Re: 64/66 control code mapping
I have had some time to think about this, done some more reading, looked at a few things, and can now
reply. I must say that your questions, if anything, have given me a deeper understanding of
> Ignoring all slides at >3.125 Gbaud since they are not relevant to XAUI traces,
> the 8B/10B eye is superior to the slower scrambled eye in:
A few years ago, I would agree with this. Having looked at several serdes vendors, I disagree with
Mike Jenkins comments to Rick Walker in a later thread dated today, that the serdes is specified
relative to the eye. I have seen the opposite - that the UI is a little lower for the lower speeds
of a die/pll for 2.5 then for 3.125. This indicates to me that the portion for the receiver at the
higher speed is larger of the total bit time budget, in relative terms. From my way of thinking in
real terms, and it doesn't have to be right, the slower speed parts take about the same physical time
as the higher speed parts for actually bit recovery - leaving a larger piece of time available for
use else where in the system at the slower speed.
> 1) Slides 9,10,33: Test Setup AC-coupled
> 2) Slides 14,15,33: Test Setup DC-coupled
> 3) Slides 19,20,33: AC-coupled with 5.5" differential pair
> 4) Slides 24,25,33: AC-coupled with 11" differential pair and two vias
> 5) Slides 28,29,33: DC-coupled with 5.5" differential pair
> The only slides which show the scrambled eye to be superior is for the case of a
> 22" differential pair and 4 vias in slides 26,27,33. In these slides it appears
> to me that the positioning of the vertical axis cursors used to indicate the
> vertical eye opening is a bit ambiguous. There is clearly less ISI apparent in
> the 8B/10B eye (slide 27) than in the scrambled eye (slide 26).
I have to agree with you here. But, and I forget but I swore I said this in my verbal portion of the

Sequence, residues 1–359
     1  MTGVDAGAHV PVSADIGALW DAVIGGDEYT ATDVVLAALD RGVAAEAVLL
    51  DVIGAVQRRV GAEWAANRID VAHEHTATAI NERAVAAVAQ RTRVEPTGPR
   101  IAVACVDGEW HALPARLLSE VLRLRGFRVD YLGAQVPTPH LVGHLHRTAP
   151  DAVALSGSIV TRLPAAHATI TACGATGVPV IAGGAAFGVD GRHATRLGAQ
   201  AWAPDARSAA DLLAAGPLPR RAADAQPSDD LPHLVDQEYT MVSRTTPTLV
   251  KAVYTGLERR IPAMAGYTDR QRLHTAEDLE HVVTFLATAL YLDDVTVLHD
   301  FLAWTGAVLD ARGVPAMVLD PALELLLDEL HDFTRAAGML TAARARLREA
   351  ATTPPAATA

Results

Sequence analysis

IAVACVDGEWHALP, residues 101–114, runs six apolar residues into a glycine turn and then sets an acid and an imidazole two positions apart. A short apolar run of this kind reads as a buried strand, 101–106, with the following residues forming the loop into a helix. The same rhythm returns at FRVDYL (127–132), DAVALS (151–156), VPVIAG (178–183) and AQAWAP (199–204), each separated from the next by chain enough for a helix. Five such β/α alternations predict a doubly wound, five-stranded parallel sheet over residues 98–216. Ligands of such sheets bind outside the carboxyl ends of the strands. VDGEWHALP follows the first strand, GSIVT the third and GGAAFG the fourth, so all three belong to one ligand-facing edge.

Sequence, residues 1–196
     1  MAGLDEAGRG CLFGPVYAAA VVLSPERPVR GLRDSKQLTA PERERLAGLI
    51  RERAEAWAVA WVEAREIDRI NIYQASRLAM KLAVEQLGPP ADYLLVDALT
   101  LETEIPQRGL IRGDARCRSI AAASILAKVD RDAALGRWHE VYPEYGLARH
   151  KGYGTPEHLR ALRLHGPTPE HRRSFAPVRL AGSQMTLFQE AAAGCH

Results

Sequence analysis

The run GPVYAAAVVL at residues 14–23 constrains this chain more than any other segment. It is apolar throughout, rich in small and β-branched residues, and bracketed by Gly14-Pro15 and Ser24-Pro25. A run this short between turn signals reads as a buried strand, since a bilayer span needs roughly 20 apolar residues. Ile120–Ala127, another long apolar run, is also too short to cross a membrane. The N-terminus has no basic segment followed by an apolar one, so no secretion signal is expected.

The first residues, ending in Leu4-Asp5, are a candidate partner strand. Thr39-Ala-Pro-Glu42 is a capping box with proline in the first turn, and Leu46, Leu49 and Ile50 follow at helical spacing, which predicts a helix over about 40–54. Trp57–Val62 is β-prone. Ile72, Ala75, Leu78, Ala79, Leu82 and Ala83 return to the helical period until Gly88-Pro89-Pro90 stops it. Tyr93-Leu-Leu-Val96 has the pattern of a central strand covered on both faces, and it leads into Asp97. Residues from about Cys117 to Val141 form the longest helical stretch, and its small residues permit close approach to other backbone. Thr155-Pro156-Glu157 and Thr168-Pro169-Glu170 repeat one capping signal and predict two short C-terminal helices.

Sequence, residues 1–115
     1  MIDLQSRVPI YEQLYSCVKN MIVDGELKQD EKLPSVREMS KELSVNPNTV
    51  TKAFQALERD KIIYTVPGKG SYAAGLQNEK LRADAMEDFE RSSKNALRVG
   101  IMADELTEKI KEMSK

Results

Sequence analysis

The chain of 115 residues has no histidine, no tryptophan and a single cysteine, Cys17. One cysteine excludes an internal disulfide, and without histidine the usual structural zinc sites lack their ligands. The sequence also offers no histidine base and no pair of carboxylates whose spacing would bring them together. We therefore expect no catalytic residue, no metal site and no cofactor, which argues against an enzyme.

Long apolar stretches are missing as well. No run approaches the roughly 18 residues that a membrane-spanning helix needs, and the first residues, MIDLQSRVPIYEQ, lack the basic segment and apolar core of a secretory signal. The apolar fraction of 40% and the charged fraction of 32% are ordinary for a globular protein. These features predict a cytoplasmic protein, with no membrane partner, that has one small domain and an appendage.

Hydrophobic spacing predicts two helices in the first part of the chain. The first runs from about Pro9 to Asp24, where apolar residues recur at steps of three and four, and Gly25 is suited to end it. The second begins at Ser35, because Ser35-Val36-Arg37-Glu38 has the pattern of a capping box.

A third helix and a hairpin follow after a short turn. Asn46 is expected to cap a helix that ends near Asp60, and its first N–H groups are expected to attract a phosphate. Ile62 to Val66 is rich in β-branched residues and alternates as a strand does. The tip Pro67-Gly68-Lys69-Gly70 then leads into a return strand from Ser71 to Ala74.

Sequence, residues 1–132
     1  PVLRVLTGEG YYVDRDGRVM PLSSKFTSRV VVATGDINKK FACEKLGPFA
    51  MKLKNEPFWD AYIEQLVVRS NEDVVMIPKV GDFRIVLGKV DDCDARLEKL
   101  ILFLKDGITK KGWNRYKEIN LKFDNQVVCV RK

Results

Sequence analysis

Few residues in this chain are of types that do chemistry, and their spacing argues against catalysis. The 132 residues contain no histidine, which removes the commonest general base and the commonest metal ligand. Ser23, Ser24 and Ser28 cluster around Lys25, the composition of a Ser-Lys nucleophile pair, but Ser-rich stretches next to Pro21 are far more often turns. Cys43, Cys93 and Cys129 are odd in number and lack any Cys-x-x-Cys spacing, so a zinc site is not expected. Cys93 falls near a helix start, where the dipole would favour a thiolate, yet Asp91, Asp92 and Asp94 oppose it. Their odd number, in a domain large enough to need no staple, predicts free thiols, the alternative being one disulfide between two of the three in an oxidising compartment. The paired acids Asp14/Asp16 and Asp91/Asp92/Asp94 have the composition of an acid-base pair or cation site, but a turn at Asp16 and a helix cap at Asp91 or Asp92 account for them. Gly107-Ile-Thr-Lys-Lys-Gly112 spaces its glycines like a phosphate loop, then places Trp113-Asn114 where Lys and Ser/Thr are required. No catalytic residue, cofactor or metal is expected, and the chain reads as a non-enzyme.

discussion, that the differences you are seeing in this slide is the effect of a real system taking
it's toll. Gosh, let me try to explain. There have been other tests shown by respected people that
show eyes traversing down fr-4, but these presentations have not approached teh problem from the
system stand point where the hardware designer has to put fifty pounds of logic in a 5oz bag :). So
what I did to determine if there was a problem was to develop a board and then fit in the high speed
stuff - or, if you will, make trade-offs at the last minute.
That said, I was worried about three basic effects ( okay, lots more .... ) DC Balance, Dj-Rj-ISI,
and channel attenuation/phase. The first two didn't get me too excited as did the third - the via
RLC models really screw up the phase and attenuation of the traversing wave. I was worried that the
higher speed lines when passing through a thick via, poorly fabricated, or lots of vias, would create
excess attenuation, and in some cases, phase delay creating multiple velocity groups ( you can see
this in a few of the slides ). What you are seeing in the 22inch slides are the effects of the
attenuation and phase. The UI is still roughly the same, but attenuation has finally reduced the
But what I was trying to get across was that system designs will have these real life issues. I
think that Rick Walker and Rich Dugan's efforts in a table of channel attenuation and phase delay
values would help us solve some of this. If I know what part is available for the board, I now know
how sloppy I can be. I can't state enough how this kind of table can be helpful. I have to admit
the Agilent peoples are really good at bounding design parameters - makes the job of a system
designer easier during debug (you know what you violated :) ).
The other point I was trying to make was that the slower speed gives a physically longer eye opening,
giving me the room to play with equalization, larger budgets for ISI, Rj, and Dj, as well as the
ability to use a little bit wider geometry to fight off skin effect and trade for capacitance. What
I really want, and I am fighting for :), is more budget for the channel attenuation and phase. The
longer time in a slower eye gives me that.
So what does it do for me? Well, the first is it relieves my tight restrictions on vias - so the fab